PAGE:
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Mixtapes and free mixes - Todd Edwards, Sinjin Hawke, DJ Slow and more

Listening to the deluge of mixtapes and free mixes from hip-hop artists and electronic producers alike is often an insurmountable task. That’s why we scour Datpiff, LiveMixtapes and beyond, separating the wheat from the chaff each week.

Producers of the world unite: this week was an especially good one for DJ mixes, ranging from futuristic club sets by DJ Slow and Sinjin Hawke, to Vladislav Delay’s exemplary experimental work, to party-ready mixes by Todd Edwards and DJ Haus. On the hip-hop side of things, newcomers from vibrant scenes in Chicago and Atlanta hold it down.

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Pelican Fly’s DJ Slow mints his new DJ Screw-referencing As The World Turns Slow series with this excellent hour-long opening chapter. Those familiar with his style shouldn’t be surprised, but it continues to amaze how adept the Belgian selector is at melting together seemingly disparate rap, R&B and dance tracks into an eerily coherent soup of sound. In Slow’s world, Oneohtrix Point Never’s ‘Chrome County’ is perfectly birthed from PARTYNEXTDOOR’s underrated ‘Make A Mil’, and Coon Daddy & DJ Godfather’s ghetto-house anthem ‘See U No Mo’ is equally suited sidling up next to James Ferraro’s sickly ‘Rata’. Slow’s inventiveness and persistence pays off, and there are few other DJs with the same ability to mash together such an eclectic set of tunes without it sounding irksome and itchy.

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Sasu Ripatti can be a moany sod, but at least his recent Facebook outburst was responsible for an absolute corker of a mix. Ripatti is producing some of the finest music of his career right now, but just as he was confined to obscurity back in the Mille Plateaux days, he now languishes in a self-imposed exile thanks to his dedication to vinyl at the expense of digital. It feels like an illicit treat then that Ripatti, in his frustration, has put together this streaming mix of recent studio recordings, and trust us when we say it’s as essential as almost anything in his catalogue.

The long-form explorative nature of Ripatti’s early Vladislav Delay material is still present, but these new tracks are well trimmed and economical without losing any of the grit and grind. It’s also remarkable how original this stuff is – after a period of awkward records spurred on by his time in Berlin it feels like Ripatti is back to producing material that is absolutely impossible to mistake for anyone else. He’s a true original, and this 40-minute mix is about as good as modern experimental electronic music gets.

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Saint Millie is a part of the Treated Crew, a collective of rappers, producers and DJs that has been described as Chicago’s answer to Odd Future. On Road to Glory, Millie’s warm-up before a proper album, the MC has one eye on the Golden Age and one on the future. He’s also comfortable with whatever his producers throw at him, and Road to Glory is all over the place, stylistically — a welcome reprieve from the rash of one-note mixtapes we see each week.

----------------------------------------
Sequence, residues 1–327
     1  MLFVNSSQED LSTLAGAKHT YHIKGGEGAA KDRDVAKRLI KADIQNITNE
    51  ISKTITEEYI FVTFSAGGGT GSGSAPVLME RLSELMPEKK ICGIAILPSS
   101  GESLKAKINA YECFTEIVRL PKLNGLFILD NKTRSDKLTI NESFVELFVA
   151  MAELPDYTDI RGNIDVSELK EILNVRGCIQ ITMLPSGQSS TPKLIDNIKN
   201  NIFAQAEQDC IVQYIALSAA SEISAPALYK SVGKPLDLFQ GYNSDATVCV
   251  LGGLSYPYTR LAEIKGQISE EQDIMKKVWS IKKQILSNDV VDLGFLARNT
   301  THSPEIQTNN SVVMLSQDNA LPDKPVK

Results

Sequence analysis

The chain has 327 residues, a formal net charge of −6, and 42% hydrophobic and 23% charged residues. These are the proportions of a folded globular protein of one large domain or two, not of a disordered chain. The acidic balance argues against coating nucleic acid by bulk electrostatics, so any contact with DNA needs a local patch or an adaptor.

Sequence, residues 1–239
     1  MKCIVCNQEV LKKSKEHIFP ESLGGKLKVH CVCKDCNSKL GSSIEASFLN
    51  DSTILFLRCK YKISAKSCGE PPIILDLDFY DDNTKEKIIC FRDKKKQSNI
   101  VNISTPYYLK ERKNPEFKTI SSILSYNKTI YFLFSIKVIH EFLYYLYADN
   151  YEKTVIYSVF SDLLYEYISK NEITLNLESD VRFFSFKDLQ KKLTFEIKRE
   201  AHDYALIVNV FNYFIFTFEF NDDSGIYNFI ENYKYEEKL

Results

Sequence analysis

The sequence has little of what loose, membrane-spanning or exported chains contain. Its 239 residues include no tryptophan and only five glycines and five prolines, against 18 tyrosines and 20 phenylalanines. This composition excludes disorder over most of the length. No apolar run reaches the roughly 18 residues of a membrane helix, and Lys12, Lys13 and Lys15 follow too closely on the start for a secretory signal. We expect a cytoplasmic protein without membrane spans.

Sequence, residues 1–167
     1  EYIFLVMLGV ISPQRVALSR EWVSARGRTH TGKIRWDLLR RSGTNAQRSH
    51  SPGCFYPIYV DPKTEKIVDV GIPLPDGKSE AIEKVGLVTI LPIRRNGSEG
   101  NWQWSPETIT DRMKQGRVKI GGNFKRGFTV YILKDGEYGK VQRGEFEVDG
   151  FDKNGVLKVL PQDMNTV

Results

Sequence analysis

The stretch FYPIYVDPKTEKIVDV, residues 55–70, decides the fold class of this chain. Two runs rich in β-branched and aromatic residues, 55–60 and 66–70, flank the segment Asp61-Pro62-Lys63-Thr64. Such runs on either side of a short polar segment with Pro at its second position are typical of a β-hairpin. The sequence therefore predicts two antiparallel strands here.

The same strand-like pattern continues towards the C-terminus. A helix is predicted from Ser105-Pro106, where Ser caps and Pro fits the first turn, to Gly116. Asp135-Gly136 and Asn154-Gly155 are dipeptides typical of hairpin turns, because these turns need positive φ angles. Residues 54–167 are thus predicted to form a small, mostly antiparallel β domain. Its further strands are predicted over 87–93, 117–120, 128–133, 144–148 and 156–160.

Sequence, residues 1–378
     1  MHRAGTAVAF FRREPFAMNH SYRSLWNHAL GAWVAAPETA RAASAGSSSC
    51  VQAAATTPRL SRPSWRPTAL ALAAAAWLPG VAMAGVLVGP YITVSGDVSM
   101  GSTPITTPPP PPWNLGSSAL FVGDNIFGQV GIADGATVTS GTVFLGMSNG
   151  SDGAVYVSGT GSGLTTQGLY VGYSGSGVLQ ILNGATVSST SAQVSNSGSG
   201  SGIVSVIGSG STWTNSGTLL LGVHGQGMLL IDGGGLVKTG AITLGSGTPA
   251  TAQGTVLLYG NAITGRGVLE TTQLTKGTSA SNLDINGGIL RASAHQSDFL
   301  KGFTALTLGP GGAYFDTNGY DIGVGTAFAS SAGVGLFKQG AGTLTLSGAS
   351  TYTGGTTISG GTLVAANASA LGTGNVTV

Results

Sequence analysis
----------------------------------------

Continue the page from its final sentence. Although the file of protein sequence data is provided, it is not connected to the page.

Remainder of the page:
The tape kicks off with the soul-sampling ‘Have Mercy’, a modern flip on vintage Kanye; elsewhere, ‘Dream 312’ is an 808-heavy throwback about getting out your dreams. The best offerings cross region and time with ease: ‘Already Know’ is a chopped-and-screwed H-Town tribute that feels like something on Acid Rap. Likewise, the Thelonious Martin-produced ‘Young and Dumb’ flips “turn up” rap into druggy left-field fare, as an Auto-tuned Millie deals with youthful regret.

Millie is at his best when antagonistic, whether playful (“hit game som’ nasty, with my feet on the desk / A&R talk crazy put my feet on his chest”) or nihilistic (‘No Damn 2.0’ begins with Bishop’s speech from Juice and turns the ‘Funky Worm’ sample into a horror soundtrack). As he closes the tape with a freestyle over Nas’ No ID-produced ‘Stay’, he sounds ready for what’s to come: “I’m gonna be here for a while.”

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Barcelona-via-Montreal club producer Sinjin Hawke hasn’t released a DJ mix in almost two years, and it’s a testament to the prescience of his singular sound — the synth-laden soundscapes, with a ballroom ferocity — that songs that appeared in that mix (like his collaboration with DJ Sliink, ‘Gas Pump’) still sound futuristic. Since appearing on Pelican Fly’s all-killer Feathers EP, no one has been busier than Sinjin Hawke: along with remixes of ghetto trax legends DJ Funk and DJ Assault, he’s also collaborated with Just Blaze, Gangsta Boo, L-Vis 1990 and more. His hour-long offering for i-D chronicles his impressive year, and offers a glimpse at what’s to come. Along with an unreleased collaboration with MikeQ and an edit of ‘Bring in the Katz’, don’t miss offerings by TekLifer DJ Taye and Jersey club youngins DJ Kiff and DJ Problem.